MR: Are there any other projects?

RD: I’m in the process of making a long film that’s going to take me about ten years. It’s about rural France, the small farmers and problems of transmission to the next generation. It’s an important subject for me because it’s something quintessentially French. There’s a word in Cévenol—that’s a local dialect—roumiger, and it means to talk to yourself, to grumble. When I go to Magnum from time to time, I see the photographers with their heads drooping, anxious, and they make me laugh. I say to myself, “My God, that reminds me of the farmers,” because they have this French quintessence, which is to grumble. It’s kind of superstitious—you know, like the farmers—because if you talk about too much happiness, you’re going to be disappointed. So I tell myself that, ultimately, my farmers in the countryside and the people in Paris have something in common—it’s this attitude (laughs), which probably comes from our past, our history, our rural culture. So I’m making this film on the rural world.

Given that I’m fifty-eight now, let’s say that I still have another period in my life, an important one, where I have to go slowly because I’m in a hurry, as Lenin would say (laughs). We’re in a hurry because the light doesn’t wait, things don’t wait, and maybe we have to think about our failures. Photographers are often proud, and coming from a farmer’s world, which is also very proud, I think I was saved, not by my will, not by my work, but by my pride (laughs). It’s true that the passing of time plays a role, like when I see two films that were made practically at the same moment and had totally different careers. Reporters, for example, worked very well, it was even nominated for an Oscar, but it really shows its age now. And then I see San Clemente, a film that was made just like that, self-produced, which had a tiny release, and it’s clear that this is an extraordinary film, because there was an incredible freedom. So today I tell myself, “Wait, let’s go back to films like that, back to the essential. Be careful! Be careful about the fact that I'm recognized, be careful about pride, be careful about vanity. Let’s go back to being a loner.”

Miriam Rosen is a writer based in Paris.



Inspired by Primary (1960), the Richard Leacock–Robert Drew chronicle of the Wisconsin primary battle between JFK and Hubert Humphrey, Depardon launched himself into direct cinema à la française by convincing conservative candidate Valéry Giscard d'Estaing to let him film his 1974 presidential campaign (50,81%, 1974). Notwithstanding the happy ending—the conservative won, albeit by the narrow margin indicated by the title—Giscard refused to authorize the release of what has become an underground classic in France. (In 1988, Depardon would photograph another presidential election, this time the race between Jacques Chirac and François Mitterrand, and publish the images in his book Vues.)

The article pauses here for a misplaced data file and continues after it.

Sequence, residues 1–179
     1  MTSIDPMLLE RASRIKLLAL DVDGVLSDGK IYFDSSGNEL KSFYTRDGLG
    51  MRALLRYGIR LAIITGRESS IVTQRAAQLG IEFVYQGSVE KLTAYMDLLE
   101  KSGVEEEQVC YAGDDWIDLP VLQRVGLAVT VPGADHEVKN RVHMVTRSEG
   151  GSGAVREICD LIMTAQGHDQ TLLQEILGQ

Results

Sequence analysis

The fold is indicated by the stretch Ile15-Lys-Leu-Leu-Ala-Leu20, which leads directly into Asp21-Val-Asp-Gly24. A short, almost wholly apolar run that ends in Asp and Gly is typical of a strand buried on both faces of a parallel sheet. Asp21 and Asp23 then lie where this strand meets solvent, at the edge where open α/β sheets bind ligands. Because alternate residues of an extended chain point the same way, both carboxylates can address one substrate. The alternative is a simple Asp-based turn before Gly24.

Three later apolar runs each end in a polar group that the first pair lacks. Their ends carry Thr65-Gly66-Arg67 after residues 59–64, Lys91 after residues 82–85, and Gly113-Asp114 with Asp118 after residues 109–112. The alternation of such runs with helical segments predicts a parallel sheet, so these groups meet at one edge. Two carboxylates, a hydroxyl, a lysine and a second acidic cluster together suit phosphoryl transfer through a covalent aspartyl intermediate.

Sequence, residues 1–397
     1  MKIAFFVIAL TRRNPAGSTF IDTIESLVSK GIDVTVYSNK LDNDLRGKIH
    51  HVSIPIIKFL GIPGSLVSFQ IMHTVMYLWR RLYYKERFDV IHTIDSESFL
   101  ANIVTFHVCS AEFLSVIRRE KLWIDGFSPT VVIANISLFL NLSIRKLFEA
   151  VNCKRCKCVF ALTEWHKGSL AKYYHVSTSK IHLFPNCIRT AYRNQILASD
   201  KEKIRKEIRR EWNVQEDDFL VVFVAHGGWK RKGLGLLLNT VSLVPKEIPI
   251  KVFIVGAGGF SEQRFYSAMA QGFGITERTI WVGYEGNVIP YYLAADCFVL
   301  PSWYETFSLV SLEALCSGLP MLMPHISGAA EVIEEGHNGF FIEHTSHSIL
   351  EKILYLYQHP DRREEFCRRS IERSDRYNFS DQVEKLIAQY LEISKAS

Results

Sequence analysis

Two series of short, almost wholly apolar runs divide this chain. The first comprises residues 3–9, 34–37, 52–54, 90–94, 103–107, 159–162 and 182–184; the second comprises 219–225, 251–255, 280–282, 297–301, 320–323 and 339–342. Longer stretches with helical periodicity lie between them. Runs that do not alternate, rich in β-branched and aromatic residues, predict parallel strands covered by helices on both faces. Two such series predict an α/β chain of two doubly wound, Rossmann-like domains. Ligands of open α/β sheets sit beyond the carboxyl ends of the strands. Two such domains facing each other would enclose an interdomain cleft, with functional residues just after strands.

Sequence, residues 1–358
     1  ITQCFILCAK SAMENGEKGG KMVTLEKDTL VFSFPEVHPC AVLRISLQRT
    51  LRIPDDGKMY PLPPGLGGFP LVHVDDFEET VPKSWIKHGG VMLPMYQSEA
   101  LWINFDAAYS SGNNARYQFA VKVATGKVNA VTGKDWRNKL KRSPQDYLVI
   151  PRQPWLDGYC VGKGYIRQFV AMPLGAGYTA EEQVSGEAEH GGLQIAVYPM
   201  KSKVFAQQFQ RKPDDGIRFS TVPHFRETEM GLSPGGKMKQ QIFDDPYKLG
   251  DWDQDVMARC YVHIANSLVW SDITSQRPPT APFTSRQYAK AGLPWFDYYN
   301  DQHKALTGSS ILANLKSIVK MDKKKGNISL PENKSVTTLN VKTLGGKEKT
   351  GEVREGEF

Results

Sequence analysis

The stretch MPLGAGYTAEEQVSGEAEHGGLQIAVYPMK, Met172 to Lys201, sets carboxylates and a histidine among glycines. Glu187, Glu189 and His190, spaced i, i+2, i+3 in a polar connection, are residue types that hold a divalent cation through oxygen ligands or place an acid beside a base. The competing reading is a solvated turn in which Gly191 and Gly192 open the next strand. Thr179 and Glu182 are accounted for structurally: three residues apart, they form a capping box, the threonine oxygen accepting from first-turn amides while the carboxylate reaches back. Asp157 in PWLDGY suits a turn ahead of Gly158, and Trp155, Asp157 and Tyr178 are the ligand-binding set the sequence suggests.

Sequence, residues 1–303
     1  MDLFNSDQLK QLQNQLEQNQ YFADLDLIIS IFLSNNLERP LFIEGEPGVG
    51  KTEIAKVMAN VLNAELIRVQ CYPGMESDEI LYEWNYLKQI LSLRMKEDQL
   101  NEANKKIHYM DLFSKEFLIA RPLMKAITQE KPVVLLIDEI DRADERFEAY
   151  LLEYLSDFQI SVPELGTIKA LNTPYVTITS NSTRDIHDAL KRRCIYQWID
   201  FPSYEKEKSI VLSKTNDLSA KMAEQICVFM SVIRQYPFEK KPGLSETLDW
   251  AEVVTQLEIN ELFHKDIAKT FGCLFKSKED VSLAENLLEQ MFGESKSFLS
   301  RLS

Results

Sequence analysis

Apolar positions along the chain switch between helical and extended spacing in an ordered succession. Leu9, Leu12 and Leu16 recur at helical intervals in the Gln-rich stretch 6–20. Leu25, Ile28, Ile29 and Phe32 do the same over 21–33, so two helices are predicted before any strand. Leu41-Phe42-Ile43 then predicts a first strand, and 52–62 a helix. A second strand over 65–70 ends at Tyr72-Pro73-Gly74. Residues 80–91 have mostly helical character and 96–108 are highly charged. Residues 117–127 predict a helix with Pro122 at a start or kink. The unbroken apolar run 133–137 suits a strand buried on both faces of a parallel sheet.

Over the years, Depardon’s initial idea of filming the “low points” of an otherwise highly charged event has been refined into a powerfully minimalist style where, in the seeming absence of artifice, the viewer is plunged directly into the world on screen. In the latest of some half-dozen “institutional” documentaries to date, Délits flagrants (Caught in the act, 1994), fourteen petty offenders, from pickpockets to taggers to illegal aliens, come before the assistant district attorney—and Depardon’s fixed camera—to negotiate their pleas. This 105-minute epic of the ordinary was distilled from eighty-six interviews filmed over a three-month period, after seven years of bureaucratic wrangling to obtain authorization.



In between two voyages to Chad in the late ’70s, Depardon picked up the thread of his earlier reportage on alternative psychiatry in Trieste to photograph similar experiments in Arezzo, Turin, and Naples, plus a new project just under way on the Venetian island of San Clemente. “One day,” he writes in the introduction to his 1984 book presenting these photos, “I was surprised not to feel any more emotion. . . . I started to get too close, to work like a technician, to frame my shots, to wait for the virtuoso image. . . . I stopped right away, went back to Paris, and never took another photo at San Clemente.” But in 1980, learning that the hospital was about to close, he went back for ten days with a movie camera and a friend who recorded the sound. Starkly shot in black and white like the photos, San Clemente (1980) is a cinema verité counterpart to Philippe de Broca’s King of Hearts: The patients, unlike “normal” subjects of documentaries, make no pretense of ignoring the camera and sweep filmmakers and audience alike into their existential no-man’s-land between reason and madness.